For the last 40 years, older adults generally accepted the mostly institutional options that were available to them in the community. Twenty years ago when older adults were in need of nothing more than supportive services (assistance with activities of daily living) they were admitted to nursing homes, which they accepted as the focal point for accessing the help they needed. Ten years later, assisted living facilities boldly emerged as a less restrictive and less institutional alternative to nursing homes. While seen as a breakthrough for older adults that simply needed supportive, non-skilled services, assisted living was regulated in most states as an institution. But by applying a less rigid regulatory framework compared to nursing homes it provided a greater degree of flexibility in the provision of services and design. Its emergence most significantly, however, illustrated the fact that older adults in need of supportive services were drawn to less institutional and more residential environments when in need of support and care.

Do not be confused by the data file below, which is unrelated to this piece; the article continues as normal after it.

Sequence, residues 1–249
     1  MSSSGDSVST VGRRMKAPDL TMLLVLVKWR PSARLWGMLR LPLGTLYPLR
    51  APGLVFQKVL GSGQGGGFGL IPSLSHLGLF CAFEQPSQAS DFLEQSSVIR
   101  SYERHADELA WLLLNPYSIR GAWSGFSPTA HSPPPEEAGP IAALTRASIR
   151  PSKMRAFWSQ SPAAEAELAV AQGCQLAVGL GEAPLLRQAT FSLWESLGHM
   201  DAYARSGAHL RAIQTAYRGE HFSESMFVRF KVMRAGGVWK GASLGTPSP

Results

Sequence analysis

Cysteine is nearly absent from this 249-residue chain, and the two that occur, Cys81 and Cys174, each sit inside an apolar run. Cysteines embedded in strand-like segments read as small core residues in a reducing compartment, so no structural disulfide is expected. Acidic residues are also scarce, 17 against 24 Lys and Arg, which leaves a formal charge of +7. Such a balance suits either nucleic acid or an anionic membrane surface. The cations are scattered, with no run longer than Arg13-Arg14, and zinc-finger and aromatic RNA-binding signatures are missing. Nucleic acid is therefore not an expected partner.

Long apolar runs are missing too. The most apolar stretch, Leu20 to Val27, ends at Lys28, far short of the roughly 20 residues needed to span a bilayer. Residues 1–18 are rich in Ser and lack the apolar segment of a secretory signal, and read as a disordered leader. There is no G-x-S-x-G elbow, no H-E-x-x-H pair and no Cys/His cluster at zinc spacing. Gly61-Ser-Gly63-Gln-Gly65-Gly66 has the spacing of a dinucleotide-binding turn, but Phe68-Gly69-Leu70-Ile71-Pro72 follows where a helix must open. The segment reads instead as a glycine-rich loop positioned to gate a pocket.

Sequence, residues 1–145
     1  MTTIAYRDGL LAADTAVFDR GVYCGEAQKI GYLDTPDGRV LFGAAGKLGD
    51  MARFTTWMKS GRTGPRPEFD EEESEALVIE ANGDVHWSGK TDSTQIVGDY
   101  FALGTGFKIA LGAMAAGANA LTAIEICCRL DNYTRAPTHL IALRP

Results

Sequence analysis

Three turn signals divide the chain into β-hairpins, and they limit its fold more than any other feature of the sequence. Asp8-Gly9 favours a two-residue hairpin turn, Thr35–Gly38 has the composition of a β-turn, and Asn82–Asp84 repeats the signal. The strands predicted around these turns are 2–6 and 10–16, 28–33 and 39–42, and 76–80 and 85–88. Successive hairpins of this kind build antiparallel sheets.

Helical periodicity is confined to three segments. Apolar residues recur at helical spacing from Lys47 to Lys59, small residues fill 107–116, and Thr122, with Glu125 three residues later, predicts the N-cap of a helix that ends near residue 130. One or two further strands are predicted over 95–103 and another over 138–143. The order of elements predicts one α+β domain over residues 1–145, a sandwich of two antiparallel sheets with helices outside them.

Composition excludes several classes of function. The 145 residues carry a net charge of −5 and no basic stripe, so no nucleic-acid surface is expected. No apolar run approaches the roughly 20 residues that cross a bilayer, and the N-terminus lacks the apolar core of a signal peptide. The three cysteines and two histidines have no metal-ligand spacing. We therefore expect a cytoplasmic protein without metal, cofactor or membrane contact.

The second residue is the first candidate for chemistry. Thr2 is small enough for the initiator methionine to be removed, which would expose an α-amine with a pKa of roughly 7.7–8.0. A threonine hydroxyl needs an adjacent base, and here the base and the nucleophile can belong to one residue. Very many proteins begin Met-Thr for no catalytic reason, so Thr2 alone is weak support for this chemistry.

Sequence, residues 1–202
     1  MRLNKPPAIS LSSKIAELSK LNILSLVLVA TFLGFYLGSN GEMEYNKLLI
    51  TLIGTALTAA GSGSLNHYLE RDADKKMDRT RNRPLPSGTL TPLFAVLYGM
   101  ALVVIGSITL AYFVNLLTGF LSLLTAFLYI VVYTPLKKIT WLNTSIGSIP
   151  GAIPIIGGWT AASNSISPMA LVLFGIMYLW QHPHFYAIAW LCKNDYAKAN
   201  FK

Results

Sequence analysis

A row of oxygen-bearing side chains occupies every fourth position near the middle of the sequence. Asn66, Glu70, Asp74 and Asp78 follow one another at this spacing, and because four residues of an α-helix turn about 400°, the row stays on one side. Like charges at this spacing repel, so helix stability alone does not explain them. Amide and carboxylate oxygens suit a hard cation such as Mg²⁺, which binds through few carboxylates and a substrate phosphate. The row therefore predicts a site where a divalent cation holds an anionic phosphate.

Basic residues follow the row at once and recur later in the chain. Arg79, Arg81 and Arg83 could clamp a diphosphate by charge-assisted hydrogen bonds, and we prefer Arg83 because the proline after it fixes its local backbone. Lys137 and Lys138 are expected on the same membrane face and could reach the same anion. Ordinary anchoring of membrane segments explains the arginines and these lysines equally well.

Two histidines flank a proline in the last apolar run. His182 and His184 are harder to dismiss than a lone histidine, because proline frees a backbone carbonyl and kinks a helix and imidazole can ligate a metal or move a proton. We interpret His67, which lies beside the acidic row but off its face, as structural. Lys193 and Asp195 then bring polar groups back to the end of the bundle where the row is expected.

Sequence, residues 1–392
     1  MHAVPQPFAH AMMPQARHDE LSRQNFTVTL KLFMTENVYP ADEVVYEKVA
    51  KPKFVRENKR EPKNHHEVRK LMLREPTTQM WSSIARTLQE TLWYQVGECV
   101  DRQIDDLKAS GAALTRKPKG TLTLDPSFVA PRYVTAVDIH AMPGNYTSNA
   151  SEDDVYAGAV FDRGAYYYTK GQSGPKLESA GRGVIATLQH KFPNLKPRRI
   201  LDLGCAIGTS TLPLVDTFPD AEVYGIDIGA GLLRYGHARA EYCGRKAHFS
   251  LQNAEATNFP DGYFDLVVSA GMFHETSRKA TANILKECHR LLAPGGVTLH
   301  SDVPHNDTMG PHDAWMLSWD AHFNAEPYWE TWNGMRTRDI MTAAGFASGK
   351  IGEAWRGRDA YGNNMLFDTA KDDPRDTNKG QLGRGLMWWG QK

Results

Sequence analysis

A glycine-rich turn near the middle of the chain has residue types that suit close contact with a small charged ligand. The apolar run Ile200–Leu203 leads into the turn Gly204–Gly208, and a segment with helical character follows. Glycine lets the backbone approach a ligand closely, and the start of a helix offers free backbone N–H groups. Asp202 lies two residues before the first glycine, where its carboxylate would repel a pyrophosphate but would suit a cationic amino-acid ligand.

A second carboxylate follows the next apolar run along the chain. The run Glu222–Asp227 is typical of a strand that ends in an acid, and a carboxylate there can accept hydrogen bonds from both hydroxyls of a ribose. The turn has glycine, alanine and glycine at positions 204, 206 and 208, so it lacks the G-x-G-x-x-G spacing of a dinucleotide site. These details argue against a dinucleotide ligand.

Our existing long term care financing and delivery system has created artificial connections between settings and the range and type of care and services. The PACE model has effectively demonstrated that a high level of care and services can be delivered across many different settings, in a seamless manner not possible in fee-for-service health care. The model also has demonstrated the value of care coordination capable of following each individual across multiple care settings (home, hospital, etc.) and bringing to bear whatever service may be most effective, as opposed to the service for which reimbursement is available. The trend toward delivering care and services across many different settings is playing out in senior housing as older adults are increasingly abandoning the tendency to move every time their care needs change to the next reimbursable setting. Rather, they have become more sophisticated at piecing together community-based services in order to continue living at home in one setting and "aging in place." As such, the following trends are beginning to be seen all across the country: